From Edinburgh, Scotland, Michael is currently a postdoctoral research fellow at the Australian Institute for Bioengineering and Nanotechnology (AIBN) at the University of Queensland. His research is focussed on understanding biomaterial tissue mechanics for application to novel micro-devices for drug and vaccine delivery. Specifically, he employs mechanical engineering testing techniques to understand how to better design devices for functional interaction with epithelial tissue. He earned his MEng (Hons) in Aeronautical Engineering from the University of Glasgow in 2007, followed by a PhD in Biomedical Engineering at the University of Queensland’s AIBN in 2012. He then joined a start-up company working to translate a medical device from laboratory testing to human clinical trials, which was built upon the devices that he was working on during his PhD. His focus within the company was on engineering a device for scale up to human, performing a range of pre-clinical trials. At the beginning of 2014 Michael returned to an academic research role at the University of Queensland where he continues to work on novel biomedical device research, with a keen focus on translatable technologies. His goal is to be able to expand understanding of biological interactions for microdevices and subsequently apply these with advanced manufacturing techniques for rapid translation of low cost healthcare.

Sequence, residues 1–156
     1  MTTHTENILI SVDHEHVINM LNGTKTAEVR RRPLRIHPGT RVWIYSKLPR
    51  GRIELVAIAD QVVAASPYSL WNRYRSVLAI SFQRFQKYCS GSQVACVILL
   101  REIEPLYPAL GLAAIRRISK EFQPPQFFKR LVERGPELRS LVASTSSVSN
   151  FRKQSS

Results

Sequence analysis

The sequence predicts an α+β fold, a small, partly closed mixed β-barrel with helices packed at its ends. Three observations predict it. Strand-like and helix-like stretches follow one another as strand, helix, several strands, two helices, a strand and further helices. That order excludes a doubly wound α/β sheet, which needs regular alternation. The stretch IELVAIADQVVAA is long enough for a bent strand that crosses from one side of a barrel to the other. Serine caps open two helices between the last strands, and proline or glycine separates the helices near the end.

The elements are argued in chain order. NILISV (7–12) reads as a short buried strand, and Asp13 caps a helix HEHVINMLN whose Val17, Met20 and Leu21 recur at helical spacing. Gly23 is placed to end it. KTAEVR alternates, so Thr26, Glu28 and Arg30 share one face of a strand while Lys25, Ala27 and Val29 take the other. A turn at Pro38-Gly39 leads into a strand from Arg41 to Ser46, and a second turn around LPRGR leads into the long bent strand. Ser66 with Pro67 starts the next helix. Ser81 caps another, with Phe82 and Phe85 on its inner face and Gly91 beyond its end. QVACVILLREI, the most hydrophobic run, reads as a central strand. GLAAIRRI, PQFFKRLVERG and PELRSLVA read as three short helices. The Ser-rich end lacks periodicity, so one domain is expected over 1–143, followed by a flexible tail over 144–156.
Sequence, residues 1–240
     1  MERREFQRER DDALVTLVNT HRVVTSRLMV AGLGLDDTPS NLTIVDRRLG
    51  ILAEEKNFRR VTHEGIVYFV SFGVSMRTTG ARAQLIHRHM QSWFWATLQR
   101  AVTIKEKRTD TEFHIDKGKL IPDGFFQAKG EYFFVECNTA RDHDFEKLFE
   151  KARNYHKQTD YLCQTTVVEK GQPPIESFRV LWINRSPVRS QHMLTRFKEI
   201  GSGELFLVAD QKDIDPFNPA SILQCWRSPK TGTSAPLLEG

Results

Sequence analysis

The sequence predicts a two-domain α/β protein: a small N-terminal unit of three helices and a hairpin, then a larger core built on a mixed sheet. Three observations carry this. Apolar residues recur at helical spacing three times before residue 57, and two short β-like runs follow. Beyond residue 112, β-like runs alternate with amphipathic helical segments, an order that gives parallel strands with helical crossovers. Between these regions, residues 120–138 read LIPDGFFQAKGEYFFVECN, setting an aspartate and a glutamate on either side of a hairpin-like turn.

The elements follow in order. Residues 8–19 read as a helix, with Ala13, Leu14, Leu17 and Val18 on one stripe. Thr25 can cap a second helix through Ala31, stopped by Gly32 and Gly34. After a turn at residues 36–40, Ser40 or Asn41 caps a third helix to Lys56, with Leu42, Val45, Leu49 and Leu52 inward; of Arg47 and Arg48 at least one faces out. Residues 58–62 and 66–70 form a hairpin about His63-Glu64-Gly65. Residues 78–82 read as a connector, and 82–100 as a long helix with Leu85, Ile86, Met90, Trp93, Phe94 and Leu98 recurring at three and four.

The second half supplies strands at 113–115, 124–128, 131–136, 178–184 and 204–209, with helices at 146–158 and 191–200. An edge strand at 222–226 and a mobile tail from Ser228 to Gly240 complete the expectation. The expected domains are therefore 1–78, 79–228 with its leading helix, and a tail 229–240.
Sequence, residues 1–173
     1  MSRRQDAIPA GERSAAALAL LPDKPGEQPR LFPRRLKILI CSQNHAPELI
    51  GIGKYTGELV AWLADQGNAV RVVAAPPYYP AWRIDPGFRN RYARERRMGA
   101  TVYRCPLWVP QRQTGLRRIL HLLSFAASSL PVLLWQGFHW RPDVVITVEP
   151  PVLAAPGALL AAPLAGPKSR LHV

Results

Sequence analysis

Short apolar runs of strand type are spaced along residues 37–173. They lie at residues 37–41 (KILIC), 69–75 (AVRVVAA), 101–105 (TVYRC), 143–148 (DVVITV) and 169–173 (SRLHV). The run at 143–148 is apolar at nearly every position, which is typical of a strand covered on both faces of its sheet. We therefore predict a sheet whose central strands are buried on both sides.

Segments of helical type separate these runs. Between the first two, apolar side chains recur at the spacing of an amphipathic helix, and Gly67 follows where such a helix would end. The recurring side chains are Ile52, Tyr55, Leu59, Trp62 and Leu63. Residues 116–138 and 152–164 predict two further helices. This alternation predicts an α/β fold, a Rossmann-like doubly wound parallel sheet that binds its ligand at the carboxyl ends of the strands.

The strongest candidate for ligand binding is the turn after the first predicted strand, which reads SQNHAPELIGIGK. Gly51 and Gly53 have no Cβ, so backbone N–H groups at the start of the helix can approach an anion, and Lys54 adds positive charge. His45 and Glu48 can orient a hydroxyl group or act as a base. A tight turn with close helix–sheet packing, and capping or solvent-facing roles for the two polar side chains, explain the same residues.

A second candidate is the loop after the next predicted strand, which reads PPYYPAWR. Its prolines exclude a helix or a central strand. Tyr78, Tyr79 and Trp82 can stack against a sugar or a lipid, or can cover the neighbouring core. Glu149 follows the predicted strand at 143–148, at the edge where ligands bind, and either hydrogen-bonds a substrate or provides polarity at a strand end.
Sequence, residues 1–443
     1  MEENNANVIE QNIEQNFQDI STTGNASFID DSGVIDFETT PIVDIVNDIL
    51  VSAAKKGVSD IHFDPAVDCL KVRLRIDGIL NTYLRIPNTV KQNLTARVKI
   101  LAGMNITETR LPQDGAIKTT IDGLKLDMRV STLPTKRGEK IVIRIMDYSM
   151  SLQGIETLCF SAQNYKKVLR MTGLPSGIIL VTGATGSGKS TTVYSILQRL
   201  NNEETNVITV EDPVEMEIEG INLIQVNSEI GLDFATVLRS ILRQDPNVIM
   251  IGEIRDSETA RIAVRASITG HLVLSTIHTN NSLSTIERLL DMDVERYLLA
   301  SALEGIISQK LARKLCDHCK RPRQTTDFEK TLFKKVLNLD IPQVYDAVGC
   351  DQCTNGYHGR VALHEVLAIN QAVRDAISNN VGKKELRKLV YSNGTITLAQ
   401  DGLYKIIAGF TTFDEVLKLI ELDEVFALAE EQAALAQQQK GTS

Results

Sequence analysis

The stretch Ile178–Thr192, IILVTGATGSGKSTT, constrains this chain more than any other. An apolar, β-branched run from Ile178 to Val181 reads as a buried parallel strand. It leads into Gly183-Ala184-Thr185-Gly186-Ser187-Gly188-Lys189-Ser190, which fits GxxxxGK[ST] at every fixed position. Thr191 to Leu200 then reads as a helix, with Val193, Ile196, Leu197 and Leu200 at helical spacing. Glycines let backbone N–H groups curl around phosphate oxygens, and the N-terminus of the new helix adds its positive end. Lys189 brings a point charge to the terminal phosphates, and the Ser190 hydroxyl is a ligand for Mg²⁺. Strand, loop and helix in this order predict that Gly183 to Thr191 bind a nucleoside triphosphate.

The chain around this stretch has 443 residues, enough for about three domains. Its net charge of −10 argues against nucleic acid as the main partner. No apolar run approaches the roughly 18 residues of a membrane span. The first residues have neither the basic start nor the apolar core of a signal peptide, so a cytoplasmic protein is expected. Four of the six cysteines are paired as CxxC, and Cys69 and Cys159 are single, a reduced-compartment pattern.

Michael is also a passionate advocate for Early Career Research development and sits on the Australian Academy of Science Early and Mid Career Researcher Forum Executive (https://www.science.org.au/emcr-forum-executive) and the AIBN EMCR Support Committee.
- Biomedical Microdevices
A focus on understanding the material properties of biological tissues in order to develop novel devices that can interact with these tissues for drug or vaccine delivery
- Biomaterials testing
Materials testing techniques to identify fundamental properties of materials that are relevant for medical interaction. This is a particular focus on the milli- to micro- scale, including indentation, AFM, imaging.
- Vaccine delivery
Development of devices and techniques for precision delivery into skin or other tissue.